How hard is German vs Spanish?

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There is a lot to love about German and Spanish. If you are a native or fluent English speaker, it’s easy to see that German is from the same language family. If you live in certain areas of the US, you probably hear Spanish frequently and have a feel for its rhythms. Finally, all three languages share a lot of vocabulary, mostly via Latin/French.

I am seriously impressed if you have learned or are learning a language from a totally different part of the world, but it is comforting to know that a word like information works all over Europe. If you master the accents then all the “-ion” words will fall into your vocabulary-lap.

Here are the similarities and differences to watch out for if you choose to learn both Spanish and German:

SIMILARITIES

  1. Gender: German has three genders. Spanish has two. Learning German first, then, is a good way to ease yourself into el vs la! Nevertheless, they have similar rules. Some things are always feminine, and overlap across the languages – such as die Information and la información.
  2. Spelling: is easy! English spelling, to an outsider, can be a bit of a nightmare. Bear or bare? Where or wear? Spanish and German both follow regular rules of spelling and pronunciation, and in standardised speech, you should pronounce all the letters. (Classic example: the German word for fries is pommes, from the French, but it has two syllables).
  3. Sentence Structure: Okay, sentence structure is not exactly the same. But in both Spanish and German you have to get used to the idea of ditching English structure and realise that a direct translation does not work. You can train your brain to think in the target language and learn how to build sentences differently.

DIFFERENCES

  1. Pronunciation: okay, if you show someone a phrase like Öffentliche Verkehrsmittel (public transportation) then you might get the idea that German is a hideous pronunciation nightmare. But I have always found German much closer to English than Spanish – I can make myself understood in Spanish and French, but way more than with German, I will always sound like I am super mega obviously British.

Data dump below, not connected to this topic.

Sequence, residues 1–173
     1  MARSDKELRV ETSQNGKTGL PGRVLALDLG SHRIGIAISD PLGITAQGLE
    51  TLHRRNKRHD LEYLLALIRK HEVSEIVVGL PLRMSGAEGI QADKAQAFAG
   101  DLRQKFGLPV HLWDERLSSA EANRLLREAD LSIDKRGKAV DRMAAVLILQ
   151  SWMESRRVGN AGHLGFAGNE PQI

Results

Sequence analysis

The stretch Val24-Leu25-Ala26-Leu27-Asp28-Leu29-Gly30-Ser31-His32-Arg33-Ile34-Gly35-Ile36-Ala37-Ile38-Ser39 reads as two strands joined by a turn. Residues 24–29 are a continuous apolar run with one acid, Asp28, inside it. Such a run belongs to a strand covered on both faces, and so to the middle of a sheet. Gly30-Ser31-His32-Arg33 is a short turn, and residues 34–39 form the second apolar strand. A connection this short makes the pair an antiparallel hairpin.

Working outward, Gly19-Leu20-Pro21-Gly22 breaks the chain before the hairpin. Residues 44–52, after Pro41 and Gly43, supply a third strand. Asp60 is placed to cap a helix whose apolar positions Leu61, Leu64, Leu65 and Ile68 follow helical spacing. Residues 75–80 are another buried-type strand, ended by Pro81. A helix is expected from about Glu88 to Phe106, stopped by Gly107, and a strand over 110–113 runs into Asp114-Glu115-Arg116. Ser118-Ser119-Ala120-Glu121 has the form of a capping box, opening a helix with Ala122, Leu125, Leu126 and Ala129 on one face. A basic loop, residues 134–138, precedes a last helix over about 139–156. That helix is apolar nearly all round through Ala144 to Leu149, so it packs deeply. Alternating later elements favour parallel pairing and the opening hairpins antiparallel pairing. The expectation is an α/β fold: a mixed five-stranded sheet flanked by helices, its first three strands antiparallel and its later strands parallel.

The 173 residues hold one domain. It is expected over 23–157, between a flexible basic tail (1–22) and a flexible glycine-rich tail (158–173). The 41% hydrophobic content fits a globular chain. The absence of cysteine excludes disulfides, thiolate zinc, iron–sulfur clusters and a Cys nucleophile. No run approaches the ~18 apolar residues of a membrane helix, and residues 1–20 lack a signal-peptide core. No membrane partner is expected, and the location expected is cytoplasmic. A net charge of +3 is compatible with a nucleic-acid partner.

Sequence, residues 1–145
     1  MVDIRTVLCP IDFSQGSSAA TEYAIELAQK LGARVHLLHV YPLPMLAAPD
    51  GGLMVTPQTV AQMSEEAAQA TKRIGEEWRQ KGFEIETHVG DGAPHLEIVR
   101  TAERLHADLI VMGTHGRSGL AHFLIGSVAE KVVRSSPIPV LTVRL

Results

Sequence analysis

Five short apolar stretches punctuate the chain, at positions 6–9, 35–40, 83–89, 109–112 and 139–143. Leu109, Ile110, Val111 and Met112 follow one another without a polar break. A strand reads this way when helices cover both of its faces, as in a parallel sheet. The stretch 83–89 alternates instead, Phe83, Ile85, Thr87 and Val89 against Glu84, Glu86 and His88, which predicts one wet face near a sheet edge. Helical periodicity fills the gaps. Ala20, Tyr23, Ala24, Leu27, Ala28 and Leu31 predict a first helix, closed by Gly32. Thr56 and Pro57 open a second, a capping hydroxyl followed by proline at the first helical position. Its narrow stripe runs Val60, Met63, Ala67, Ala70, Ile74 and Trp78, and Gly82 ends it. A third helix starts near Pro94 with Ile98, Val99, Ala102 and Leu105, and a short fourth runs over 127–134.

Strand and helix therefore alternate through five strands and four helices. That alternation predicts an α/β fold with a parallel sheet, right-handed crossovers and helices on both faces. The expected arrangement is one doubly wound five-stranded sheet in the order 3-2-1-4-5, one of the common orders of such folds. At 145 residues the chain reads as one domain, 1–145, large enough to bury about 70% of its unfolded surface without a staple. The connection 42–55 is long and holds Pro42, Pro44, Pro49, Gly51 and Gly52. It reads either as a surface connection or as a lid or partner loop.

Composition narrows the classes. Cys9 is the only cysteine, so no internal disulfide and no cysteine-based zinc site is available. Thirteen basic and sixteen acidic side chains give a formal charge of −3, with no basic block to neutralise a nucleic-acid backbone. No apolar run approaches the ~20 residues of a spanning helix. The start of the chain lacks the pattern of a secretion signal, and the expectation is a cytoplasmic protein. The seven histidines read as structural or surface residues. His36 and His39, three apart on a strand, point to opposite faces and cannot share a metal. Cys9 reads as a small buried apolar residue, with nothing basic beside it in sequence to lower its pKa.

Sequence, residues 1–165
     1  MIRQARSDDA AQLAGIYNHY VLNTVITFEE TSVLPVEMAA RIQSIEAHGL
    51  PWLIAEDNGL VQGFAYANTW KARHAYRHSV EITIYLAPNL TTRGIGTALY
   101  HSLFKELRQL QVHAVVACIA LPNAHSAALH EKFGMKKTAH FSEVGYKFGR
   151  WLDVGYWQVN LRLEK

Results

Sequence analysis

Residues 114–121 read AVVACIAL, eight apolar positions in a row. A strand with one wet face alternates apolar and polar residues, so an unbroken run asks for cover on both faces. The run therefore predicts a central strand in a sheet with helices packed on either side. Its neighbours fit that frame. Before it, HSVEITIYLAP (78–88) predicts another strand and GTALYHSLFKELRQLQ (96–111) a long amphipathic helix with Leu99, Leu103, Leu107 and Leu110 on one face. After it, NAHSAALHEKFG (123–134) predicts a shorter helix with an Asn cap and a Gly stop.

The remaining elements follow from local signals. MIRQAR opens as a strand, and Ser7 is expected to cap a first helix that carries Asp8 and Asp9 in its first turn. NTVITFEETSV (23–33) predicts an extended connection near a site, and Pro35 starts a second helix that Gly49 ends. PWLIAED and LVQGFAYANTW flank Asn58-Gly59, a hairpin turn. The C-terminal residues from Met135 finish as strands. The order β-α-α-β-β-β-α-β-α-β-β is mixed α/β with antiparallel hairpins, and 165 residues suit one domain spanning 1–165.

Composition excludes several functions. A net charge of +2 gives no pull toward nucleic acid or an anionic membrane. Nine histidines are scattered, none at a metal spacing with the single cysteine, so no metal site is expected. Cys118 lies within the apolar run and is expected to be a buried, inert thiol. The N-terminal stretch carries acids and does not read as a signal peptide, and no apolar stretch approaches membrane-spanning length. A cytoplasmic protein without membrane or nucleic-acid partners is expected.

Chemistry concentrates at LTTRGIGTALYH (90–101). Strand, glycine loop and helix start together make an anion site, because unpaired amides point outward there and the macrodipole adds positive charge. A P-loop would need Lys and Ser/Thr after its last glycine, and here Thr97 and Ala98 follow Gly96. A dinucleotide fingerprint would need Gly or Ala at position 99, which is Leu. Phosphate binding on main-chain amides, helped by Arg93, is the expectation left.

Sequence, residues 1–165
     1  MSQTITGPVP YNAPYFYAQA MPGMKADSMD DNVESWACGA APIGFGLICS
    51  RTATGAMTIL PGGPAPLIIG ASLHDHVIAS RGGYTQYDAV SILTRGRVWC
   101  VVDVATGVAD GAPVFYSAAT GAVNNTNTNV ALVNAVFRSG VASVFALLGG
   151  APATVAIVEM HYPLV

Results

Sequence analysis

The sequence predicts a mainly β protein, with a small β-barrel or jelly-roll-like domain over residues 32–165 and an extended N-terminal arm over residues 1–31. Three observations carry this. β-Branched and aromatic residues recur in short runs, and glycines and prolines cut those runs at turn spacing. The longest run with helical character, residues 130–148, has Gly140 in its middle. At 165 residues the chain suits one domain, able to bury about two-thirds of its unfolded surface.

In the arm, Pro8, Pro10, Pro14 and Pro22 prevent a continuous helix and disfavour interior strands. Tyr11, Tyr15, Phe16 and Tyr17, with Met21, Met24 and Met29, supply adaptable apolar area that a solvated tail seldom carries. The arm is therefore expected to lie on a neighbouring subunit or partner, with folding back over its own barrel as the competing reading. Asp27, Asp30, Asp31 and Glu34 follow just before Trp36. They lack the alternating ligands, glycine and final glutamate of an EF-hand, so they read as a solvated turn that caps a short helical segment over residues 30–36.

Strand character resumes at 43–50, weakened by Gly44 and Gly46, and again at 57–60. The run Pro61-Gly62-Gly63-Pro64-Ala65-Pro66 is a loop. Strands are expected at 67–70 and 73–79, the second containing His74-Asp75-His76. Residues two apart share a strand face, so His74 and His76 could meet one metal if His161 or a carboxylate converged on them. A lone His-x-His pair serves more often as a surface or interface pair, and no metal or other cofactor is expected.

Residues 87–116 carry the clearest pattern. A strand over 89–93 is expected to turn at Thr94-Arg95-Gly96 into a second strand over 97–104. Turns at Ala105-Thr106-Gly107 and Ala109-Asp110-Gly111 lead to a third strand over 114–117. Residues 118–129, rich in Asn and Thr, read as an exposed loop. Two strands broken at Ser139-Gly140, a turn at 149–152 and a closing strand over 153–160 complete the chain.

2. Cases: Nominative, Accusative, Dative, Genitive – the four horses of the language learner’s apocalypse. German cases took me years of school to get my head around and they are not worth explaining here. Needless to say, Spanish wins this one (even accounting for indicative vs subjunctive).

At the end of the day, these are both wonderful languages and talking with native speakers in their own tongue is amazing.

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Language Lessons Learned From a Weekend in Madrid

I have just returned from a weekend in Madrid, where it was crazy hot (for late September) but the atmosphere was the best and I got to throw out a bunch of “holas” and “graciases”. Here is a breakdown of how it went, language wise – and let me know about your own experience of putting your beginner or intermediate language skills to the test!

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  • I learned that the casual thing to say in Madrid is just “Buenas” or “buenos” and drop the “días” – one step closer to sounding like a native.
  • I had a mixed English/Spanish conversation with the hotel receptionist about a museum, and although I resorted to a bit of English and she explained some things in English, she kept returning to regular speed Spanish (which I could follow) which was nice of her and really rewarding!
  • I remembered to use the formal address “usted” instead of “tu” – this can be difficult at first because most learners use informal pronouns the whole time.
  • I overheard some old men calling their friend an “hijo de puta” – finally, something from Narcos heard in real life!
  • I asked questions! They were mostly fairly basic but I was proud of requesting a book in a shop and understanding his response and well as explaining a little further.
  • I used an impersonal construction! (I pointed at the mega spicy sauce and asked “se come con pan?” Apparently you could eat it with anything as long as you liked setting fire to your face).
  • I understood a whole bunch of plaques!

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  • I was asked by people, in Spanish, to take their photo, and I think just looking like I can speak Spanish is an achievement.

Language Tips of the Week

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Hola a todos und hallo zusammen! I have a handful of tips from my learning this week which will fit neatly enough into one post: my new favourite Spanish resources, and some real bad German words (i.e. DENGLISCH).